• BS EN12729 – Furniture – Assessment of surface resistance to cold liquids
Specifying the Details of Contract Furniture
Now you understand the basics of the contract furniture industry, and why it’s important you choose specified pieces for your hospitality or leisure venue. But with many different types and styles of seating, surfaces and beds available, it can be confusing to know what you want. If you have a specific chair, headboard or even table design in mind, you can present them to a contract furniture manufacturer. They will be able to either provide you with a quote for the furniture or find an alternative piece.
You can customises almost every element of your furniture with a vast range of fabrics, textures, patterns and finishes available. You could even use a bespoke design service to create tailored contract furniture from scratch and have it made exactly to your taste.
Choose the Right Contract Furniture Style for your Business
The contract furniture you choose can be easily customised to suit the particular design and functional needs of your business. Customising your own fabrics and finishes and adapting them to existing furniture designs empowers you to match the new contract furniture to your existing or new interior designs scheme to create the desired impact.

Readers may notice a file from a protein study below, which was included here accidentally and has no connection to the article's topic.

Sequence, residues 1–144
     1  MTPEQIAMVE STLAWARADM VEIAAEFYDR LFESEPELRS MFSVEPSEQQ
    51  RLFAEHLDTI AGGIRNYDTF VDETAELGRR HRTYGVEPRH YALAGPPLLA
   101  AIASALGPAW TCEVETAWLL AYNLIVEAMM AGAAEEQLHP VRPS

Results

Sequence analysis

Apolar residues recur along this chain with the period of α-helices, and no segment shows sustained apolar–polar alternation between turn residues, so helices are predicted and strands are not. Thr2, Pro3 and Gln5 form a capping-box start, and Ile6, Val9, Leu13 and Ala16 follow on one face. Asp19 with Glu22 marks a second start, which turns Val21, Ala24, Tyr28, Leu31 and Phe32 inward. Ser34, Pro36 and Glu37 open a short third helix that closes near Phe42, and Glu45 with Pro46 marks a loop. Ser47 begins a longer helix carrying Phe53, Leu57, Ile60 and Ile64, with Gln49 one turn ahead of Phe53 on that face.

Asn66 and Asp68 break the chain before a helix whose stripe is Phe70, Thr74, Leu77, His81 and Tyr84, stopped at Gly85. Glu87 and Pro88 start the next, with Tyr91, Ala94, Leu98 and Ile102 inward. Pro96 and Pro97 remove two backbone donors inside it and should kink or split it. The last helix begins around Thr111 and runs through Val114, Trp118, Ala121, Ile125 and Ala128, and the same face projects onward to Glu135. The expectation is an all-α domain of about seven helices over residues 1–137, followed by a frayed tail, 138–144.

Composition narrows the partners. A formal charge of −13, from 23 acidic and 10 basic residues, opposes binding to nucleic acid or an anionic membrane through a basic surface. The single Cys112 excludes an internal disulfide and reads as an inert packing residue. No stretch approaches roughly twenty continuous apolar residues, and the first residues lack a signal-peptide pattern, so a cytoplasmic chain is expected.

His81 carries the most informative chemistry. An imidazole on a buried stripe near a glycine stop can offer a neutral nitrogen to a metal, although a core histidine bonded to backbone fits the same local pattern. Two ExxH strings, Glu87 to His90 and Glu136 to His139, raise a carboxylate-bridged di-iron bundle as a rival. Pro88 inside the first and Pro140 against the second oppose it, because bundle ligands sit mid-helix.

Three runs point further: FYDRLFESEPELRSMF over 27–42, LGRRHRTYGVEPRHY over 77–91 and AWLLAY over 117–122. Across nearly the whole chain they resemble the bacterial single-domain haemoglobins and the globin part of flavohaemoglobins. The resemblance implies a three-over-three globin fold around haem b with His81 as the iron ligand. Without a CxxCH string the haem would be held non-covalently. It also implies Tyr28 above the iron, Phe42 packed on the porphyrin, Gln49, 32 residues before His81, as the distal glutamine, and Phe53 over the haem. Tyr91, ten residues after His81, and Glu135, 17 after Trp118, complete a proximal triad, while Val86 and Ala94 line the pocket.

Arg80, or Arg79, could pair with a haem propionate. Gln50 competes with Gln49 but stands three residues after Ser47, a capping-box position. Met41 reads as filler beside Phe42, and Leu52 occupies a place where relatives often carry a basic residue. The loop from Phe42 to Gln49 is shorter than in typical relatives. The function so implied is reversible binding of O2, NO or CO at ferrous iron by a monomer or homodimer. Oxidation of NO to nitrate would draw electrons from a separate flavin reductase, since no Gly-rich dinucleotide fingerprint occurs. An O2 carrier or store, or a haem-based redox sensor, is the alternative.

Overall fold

Customising additional detailing is a great way to enhance the look of your chosen seating in a few easy steps. Simply by adding contrasting piping or complementing split fabrics to the seat cushion and backrest can turn a simple chair design into a feature pieces within a room.
Another popular option is studding, which can provide a modern and sometimes industrial look to your hospitality furniture. There are a range of stud finishes available such as nickel or old gold which can also help to complement your chosen fabric and interior design scheme.
When customising contract tables you will need to consider the thickness of the table top, but you can also alter the edging shape. Popular features include chamfer or bullnose edging.
Choose Bespoke Contract Furniture
Bespoke contract furniture gives you contract furniture like no other. A bespoke design usually arises from a clients’ needs or desire for a piece of furniture for their hotel, bar, restaurant, or another establishment, that is different from existing designs available. The bespoke design can come from a specifier, designer or even from suggestions made by hotel owners, who would like statements such as accent chairs in the lobby.
At Lugo, we’re experts in the contract furniture industry. We work with an interior designer to create, develop and manufacture your ideas from a concept design to produce a creative, strong and functional piece of contract furniture.
From restaurant dining chairs to hotel beds and contract tables, we have hundreds of pieces of contract furniture for the hospitality sector. You can even browse our informative guides and case studies for inspiration here.